Skip to Content

Consumer Confidence Slides in U.S. as Inflation Sours Outlook

consumer confidence fell on inflation concerns

Consumer confidence fell in January to nearly a 10-year low as prices for food and gasoline surged for Americans, many already facing tight budgets.

The consumer sentiment index from the University of Michigan declined in January to a reading of 68.8, the second-lowest in a decade, from December's 70.6, according to a report on Friday. The measure of confidence is important because about three-quarters of the U.S. economy is supported by consumer spending and people tend to refrain from making large purchases such as appliances, cars, or real estate if they are concerned about the future.

Inflation continues to strain the budgets of American families, said Greg McBride, chief financial analyst for Bankrate, a New York-based financial data company. While wages are rising, they haven’t kept up with the pace of inflation, according to data from the Bureau of Labor Statistics.

“Inflation worries are continuing to drag on consumer sentiment,” McBride said. “Expectations that inflation is going to be persistently high, above 3% for the next five years, don’t bode well for consumer sentiment this year.”

American consumers expect inflation to rise 4.9% over the next year, matching the highest since 2008, according to the report. They expect prices will rise at an annual average rate of 3.1% in the coming five to 10 years, the most since 2011, according to the data.

“It is the expectation of future conditions much more than the present conditions that are weighing on consumer sentiment,” McBride said. “The main reason consumers are concerned continues to be inflation.”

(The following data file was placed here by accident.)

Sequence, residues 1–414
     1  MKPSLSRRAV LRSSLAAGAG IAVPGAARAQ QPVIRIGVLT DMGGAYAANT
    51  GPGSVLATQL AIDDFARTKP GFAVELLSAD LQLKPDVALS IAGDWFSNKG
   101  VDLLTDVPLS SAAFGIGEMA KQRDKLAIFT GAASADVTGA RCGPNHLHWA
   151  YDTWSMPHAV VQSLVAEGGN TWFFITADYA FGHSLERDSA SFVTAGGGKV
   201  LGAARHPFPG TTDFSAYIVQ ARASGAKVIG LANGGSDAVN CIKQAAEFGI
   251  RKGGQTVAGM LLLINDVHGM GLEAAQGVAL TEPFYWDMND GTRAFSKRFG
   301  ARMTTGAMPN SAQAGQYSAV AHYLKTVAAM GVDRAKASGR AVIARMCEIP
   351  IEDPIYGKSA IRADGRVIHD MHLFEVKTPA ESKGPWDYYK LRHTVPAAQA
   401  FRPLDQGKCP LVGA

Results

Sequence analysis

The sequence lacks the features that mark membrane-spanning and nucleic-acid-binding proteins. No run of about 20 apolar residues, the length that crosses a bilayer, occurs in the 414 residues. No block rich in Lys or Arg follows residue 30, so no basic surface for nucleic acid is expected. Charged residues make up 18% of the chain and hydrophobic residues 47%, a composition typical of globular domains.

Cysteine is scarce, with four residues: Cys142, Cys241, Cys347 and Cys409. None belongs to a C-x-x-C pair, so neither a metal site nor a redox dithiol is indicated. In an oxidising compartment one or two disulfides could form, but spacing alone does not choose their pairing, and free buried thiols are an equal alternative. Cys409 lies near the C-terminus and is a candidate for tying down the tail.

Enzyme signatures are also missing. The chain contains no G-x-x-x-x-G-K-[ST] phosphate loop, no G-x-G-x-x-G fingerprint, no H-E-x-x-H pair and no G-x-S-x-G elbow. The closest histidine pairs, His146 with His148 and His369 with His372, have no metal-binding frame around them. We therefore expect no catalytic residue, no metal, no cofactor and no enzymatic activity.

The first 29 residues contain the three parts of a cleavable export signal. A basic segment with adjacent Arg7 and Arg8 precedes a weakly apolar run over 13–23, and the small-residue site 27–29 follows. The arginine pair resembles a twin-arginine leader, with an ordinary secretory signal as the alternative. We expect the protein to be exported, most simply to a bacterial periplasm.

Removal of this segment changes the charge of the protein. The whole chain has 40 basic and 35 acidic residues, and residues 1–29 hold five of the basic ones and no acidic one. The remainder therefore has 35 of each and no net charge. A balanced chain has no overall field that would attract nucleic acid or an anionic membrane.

Consumers are less concerned about the impact of Covid-19’s Omicron variant as the pandemic approaches its two-year mark, said Tim Quinlan, senior economist for Wells Fargo Securities.

“We have maintained that consumers are increasingly less fazed by each successive wave of covid, but at some point, the sheer volume of cases can weigh on their mood even if the impact on activity is less pronounced,” Quinlan said.

Shoppers likely remained at home more in the past few weeks as Omicron infections surged across the U.S., resulting in case counts that were three times as high compared to the Delta variant.

Retail sales in December dropped 1.9%, according to a separate report released on Friday, though that likely stemmed from people buying Christmas gifts early because of concerns about supply-chain issues, Quinlan said.

While wage growth has occurred in some industries, other workers have not received the higher salaries and inflation rates could beat any modest raises, he said.

“The key question is whether or not income will keep pace with inflation,” Quinlan said, “Only a little more than a third of consumers think it will.”

About The Author:

Ellen Chang is a Houston-based freelance journalist who writes articles for U.S. News & World Report. Chang previously covered investing, retirement and personal finance for TheStreet. She focuses her articles on stocks, personal finance, energy and cybersecurity. Her byline has appeared in national business publications, including USA Today, CBS News, Yahoo Finance MSN Money, Bankrate, Kiplinger and Fox Business. Follow her on Twitter at @ellenychang and Instagram at @ellenyinchang.

Back to News